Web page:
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Dr. J. on Running

Drug Abuse

Affects Athletes of All Ages

Published May 29, 2000 in The Post-Standard.

By Dr Kamal Jabbour, Contributing Writer

In a recent article in the Chronicle of Higher Education, Erik Lords reported that college football players and track athletes tested positive for banned steroid use in record numbers last year. Citing newly released data from the National Collegiate Athletic Association, NCAA, 38 athletes tested positive for the anabolic steroid nadrolone in the 1998-1999 academic year, compared to only 14 in 1997 and 13 in 1996.

The percentage of athletes testing positive to other banned substances remained the same over the three-year period. However, those testing positive to nadrolone increased to about one percent of all tested athletes. Nadrolone, a substance that boosts nor-testosterone in the body, is readily sold over the counter as an ingredient in many nutritional supplements. Its use is credited with increased muscle mass and strength, hence its appeal to our mesomorph counterparts in the track and field world.

Unfortunately, reflecting the mood of an apologetic society that evades personal responsibility, the Chronicle report went on to dilute the NCAA findings, and attributed the sharp increase in nadrolone use to ill-informed athletes. The report blamed the supplement manufacturers of misleading the athletes into using the drug by lacing it in harmless supplements.

In reality, athletes and coaches have used muscle-building supplements for as long as these have existed. Despite the known dangers of anabolic steroid use, including organ damage and sudden death, the demand for such drugs continues to drive the supply in a society that glorifies power and strength.

The use of anabolic steroids and muscle-building drugs in track and field seems to be prevalent among sprinters and throwers, where muscle mass and explosive strength are essential. Celebrities who recently tested positive for nadrolone include Britain's Lynford Christie, former Olympic Gold Medalist in the 100 meters, and Jamaican Marlene Ottey, former world champion in the 200 meters.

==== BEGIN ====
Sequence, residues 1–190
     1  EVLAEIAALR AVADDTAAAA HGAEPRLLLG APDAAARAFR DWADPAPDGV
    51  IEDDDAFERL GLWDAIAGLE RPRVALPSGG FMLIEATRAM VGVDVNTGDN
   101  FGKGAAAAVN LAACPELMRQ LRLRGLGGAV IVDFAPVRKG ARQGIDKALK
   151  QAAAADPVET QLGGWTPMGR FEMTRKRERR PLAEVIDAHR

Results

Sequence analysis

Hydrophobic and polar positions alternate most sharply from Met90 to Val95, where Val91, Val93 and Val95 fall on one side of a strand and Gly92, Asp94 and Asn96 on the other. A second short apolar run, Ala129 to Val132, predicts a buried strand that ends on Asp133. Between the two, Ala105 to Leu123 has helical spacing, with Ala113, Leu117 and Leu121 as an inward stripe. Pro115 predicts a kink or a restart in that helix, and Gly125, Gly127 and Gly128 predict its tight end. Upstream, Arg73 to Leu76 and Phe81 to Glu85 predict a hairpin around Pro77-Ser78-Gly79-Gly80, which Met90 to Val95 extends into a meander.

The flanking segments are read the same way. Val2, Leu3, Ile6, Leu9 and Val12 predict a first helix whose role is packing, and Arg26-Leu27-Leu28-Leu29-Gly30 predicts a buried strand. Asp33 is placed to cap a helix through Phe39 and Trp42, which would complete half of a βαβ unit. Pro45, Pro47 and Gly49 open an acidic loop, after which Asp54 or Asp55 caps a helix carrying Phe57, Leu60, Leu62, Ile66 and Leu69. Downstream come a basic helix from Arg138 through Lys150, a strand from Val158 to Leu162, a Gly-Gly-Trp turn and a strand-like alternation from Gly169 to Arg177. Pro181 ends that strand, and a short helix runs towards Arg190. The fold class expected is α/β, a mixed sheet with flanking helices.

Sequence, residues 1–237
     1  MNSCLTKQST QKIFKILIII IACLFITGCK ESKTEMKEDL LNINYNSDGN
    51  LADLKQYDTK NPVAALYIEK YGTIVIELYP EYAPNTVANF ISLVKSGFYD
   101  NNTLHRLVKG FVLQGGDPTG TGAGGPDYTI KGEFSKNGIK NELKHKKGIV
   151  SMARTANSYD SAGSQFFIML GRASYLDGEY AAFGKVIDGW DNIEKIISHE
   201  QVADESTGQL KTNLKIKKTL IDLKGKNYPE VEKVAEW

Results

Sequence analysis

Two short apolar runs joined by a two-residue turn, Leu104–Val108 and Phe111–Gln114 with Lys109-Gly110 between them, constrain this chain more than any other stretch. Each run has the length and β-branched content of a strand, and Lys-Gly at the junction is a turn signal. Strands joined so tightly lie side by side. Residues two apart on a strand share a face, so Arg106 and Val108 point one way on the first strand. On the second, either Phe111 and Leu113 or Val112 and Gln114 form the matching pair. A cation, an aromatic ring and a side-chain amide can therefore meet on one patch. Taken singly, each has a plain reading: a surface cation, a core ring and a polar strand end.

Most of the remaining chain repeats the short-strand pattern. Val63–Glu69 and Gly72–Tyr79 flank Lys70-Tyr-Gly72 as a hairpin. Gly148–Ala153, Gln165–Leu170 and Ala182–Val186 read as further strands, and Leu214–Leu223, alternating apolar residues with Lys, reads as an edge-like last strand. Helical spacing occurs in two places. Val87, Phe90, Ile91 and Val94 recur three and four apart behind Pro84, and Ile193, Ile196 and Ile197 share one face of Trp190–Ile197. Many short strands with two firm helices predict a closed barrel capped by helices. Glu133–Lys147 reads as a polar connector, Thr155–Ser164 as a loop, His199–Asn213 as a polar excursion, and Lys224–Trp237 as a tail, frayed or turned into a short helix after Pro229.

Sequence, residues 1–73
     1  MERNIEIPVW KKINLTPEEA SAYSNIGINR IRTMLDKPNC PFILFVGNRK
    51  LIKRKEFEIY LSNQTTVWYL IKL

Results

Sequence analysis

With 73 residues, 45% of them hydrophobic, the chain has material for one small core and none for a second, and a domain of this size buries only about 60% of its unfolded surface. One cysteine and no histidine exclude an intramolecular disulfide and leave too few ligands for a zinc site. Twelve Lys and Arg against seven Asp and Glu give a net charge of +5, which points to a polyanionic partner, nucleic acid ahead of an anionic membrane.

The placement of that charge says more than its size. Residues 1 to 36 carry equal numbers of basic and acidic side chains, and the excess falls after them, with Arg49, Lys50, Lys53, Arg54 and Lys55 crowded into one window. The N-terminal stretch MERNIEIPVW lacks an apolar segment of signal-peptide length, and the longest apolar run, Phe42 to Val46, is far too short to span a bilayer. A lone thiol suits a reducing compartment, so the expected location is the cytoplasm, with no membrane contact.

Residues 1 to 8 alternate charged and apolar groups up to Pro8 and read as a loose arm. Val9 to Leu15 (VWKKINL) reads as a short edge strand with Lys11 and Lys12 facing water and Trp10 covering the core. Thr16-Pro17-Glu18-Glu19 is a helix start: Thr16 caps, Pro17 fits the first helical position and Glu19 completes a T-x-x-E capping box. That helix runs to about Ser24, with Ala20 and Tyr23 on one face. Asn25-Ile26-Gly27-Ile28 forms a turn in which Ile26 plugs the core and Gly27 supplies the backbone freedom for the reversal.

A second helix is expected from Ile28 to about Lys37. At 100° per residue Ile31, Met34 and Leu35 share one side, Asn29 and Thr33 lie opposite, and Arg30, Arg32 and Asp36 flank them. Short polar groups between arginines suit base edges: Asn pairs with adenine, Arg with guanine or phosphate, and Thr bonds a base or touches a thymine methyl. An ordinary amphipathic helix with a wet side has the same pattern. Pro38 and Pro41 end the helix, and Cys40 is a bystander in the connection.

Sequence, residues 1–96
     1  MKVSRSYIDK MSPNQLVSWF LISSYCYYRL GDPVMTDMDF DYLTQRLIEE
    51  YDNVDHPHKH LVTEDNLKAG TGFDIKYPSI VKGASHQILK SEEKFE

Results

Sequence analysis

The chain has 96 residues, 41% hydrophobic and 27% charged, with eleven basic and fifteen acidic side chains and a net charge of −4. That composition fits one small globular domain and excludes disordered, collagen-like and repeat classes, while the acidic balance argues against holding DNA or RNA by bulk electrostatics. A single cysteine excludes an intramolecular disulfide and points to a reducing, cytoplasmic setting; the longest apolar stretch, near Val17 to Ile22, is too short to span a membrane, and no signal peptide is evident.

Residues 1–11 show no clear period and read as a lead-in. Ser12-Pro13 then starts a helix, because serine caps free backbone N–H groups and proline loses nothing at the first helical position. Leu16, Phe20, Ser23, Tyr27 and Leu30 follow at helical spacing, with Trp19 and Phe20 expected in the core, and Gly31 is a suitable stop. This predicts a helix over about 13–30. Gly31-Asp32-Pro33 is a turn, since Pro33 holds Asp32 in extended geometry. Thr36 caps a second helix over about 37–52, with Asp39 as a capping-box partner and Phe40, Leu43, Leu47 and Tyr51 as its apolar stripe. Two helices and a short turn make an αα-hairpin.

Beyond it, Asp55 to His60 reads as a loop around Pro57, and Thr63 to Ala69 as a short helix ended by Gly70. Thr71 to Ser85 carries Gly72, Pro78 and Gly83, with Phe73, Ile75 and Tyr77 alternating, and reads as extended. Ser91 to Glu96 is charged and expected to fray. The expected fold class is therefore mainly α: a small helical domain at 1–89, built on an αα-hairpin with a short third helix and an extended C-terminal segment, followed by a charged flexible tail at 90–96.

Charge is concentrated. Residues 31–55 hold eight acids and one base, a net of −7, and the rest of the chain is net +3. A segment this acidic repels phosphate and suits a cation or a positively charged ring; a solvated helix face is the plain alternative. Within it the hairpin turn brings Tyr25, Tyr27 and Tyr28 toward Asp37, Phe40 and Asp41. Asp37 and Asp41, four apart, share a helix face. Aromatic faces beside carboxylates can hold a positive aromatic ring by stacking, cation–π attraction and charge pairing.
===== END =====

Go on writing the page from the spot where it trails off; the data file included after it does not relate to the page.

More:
While steroid use seems to be least on the minds of recreational runners and distance racers, a different kind of drug abuse is prevalent in our midst. In increasing numbers, runners of all age ingest seemingly harmless anti-inflammatory drugs such as Aspirin and Ibuprofin as if they were peanuts or M&M's. At every scholastic and collegiate track meet, not to mention every road race, 500-count bottles of extra-strength white caplets are swallowed as a matter of course.

The stress on the body of a speed workout or a hard race results in numerous micro-tears in the muscles that cause inflammation and swelling. Icing and anti-inflammatory drugs are often prescribed to relieve the symptoms and promote healing. I concur with such cautious use of drugs. I have occasionally taken a pair of tablets after a long run or an intense workout to relieve muscle pain and promote recovery.

However, it distresses me to observe teen-agers passing around the bottle before a race, and swallowing three or four extra-strengths tablets each. In some cases, children carry around prescription-strength painkillers obtained under false pretense, that they share with their teammates before a race.

I wish to clarify a subtle difference between pre-race and post-race drug use. Under no circumstance should an athlete take a painkiller before a race or a workout. Pain is the body's way of telling us when something is wrong. A painkiller may mask early signs of trouble, permitting the athlete to inflict serious damage on oneself. Many times, masking the pain of a muscle sprain or hairline fracture can result in muscle tear or bone fracture.

Besides masking of early warning signs, painkillers and anti-inflammatory drugs have blood-thinning effects. Their abuse can lead to ulcers and susceptibility to bruising.

Many coaches and parents are guilty of complicity in this conspiracy to drug their children. Through action or inaction, they permit or facilitate the acquisition of medication, making drug use an accepted part of all sport.

It is indeed sad that the pursuit of health and fitness is fraught with the dangers of drug use and abuse. In the normal course of training, a "runner's high" results from the body's secretion of endorphins, those natural chemicals that mask pain and relax muscles and mind. It is ironic that we seek painkillers so we can inflict more pain, and take supplements to distort true ability.

Kamal Jabbour runs and writes on the hills of Pompey, New York. His RUNNING Column appears in The Post-Standard on Mondays. He receives email at jabbour@syr.edu.


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